Several times a year, I am consulted by anguished siblings whose parent has passed away intestate leaving only their residence and no other material assets. Very often this situation is complicated by a brother or sister who has stayed in the house with mom or dad and now refuses to leave what has always been their home.

In New York, ownership of the residence  devolves by operation of law to the surviving children in equal shares at the instant of their parent’s death. Each owns an undivided share of the real estate with no further action needed to bring this about.

It is always possible for one of the siblings to apply to be the administrator of the estate but this has definite drawbacks, if only because of the cost of the administration proceeding, the possibility of having to pay for a surety bond (likely if there is disagreement on the house, no matter how irrational) and the risks that becoming a fiduciary always entail. A better approach is proceed by partition and sale.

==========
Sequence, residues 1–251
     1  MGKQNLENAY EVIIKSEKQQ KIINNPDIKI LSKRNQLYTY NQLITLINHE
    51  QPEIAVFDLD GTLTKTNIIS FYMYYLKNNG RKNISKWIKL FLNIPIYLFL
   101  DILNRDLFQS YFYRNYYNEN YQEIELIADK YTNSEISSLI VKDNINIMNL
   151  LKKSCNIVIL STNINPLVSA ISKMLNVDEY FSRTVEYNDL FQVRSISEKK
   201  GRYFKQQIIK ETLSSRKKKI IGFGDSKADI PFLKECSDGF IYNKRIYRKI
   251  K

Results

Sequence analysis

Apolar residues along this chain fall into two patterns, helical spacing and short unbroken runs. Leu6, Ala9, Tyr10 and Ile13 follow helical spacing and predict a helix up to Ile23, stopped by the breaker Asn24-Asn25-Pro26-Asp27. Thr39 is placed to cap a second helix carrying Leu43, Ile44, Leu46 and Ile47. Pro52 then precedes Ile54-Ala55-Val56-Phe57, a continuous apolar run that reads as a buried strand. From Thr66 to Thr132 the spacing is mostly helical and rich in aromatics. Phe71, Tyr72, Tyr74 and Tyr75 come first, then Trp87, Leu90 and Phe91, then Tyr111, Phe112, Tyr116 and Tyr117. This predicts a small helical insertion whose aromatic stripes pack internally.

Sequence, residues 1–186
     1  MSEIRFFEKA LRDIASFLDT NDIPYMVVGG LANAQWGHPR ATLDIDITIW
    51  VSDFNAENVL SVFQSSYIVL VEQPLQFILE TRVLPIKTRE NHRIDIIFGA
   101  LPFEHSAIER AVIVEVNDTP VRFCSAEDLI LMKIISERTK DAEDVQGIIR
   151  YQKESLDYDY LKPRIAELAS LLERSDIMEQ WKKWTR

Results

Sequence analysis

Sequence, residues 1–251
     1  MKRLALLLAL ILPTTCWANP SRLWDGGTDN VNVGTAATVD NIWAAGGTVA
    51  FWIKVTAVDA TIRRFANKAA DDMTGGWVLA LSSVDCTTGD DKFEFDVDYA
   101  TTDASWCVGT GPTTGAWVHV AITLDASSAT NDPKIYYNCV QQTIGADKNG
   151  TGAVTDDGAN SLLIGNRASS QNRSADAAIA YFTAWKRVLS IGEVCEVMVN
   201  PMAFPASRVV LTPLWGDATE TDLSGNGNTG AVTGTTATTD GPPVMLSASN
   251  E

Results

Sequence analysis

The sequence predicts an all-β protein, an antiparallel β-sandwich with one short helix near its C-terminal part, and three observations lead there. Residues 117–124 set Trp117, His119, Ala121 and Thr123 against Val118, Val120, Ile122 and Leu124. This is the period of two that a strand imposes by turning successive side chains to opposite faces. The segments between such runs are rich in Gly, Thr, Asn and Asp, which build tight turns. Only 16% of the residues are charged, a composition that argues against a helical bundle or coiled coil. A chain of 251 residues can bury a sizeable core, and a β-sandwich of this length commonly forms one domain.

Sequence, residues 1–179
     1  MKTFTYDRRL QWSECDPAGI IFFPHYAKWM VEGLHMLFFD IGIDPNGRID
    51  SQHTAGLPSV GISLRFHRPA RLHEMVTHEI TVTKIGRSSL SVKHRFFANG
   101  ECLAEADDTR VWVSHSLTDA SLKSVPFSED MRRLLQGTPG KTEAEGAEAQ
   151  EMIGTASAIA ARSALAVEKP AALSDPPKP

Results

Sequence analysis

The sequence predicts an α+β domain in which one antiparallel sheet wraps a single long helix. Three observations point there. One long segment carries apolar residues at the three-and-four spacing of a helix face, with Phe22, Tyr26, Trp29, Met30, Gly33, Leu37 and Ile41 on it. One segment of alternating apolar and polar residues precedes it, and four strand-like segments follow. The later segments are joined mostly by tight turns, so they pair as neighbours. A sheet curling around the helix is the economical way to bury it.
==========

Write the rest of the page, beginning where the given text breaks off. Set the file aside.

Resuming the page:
Partition and sale is a remedy available to any owner of a portion of a parcel of real estate. Upon application to the court, it must invariably be granted since it would not be appropriate to require an owner to forego receiving the value of his or her share of the property indefinitely until everybody is ready to sell. The action also serves as a way of obtaining a judicial accounting of each party’s interest in the property as well as what any party might owe the others for  fair market use and occupancy or the cost of maintenance or structural repairs.

When a court orders the partition and sale of a parcel of real estate, it does so by appointing a referrer to sell the property at a public, advertised auction. Only the most hard-headed and irrational folks will actually maintain this action past the point where a referee is appointed. The combination of the costs to the parties by the referee and the losses almost always incurred by an auction sale on the courthouse steps should be enough to bring almost everyone to his or her senses so that a more beneficial and cost-effective solution can be agreed upon.

Sometimes, a lawyer’s letter alluding to the the mere threat of  an action for partition and sale may be enough  to bring about a successful conclusion to the dispute.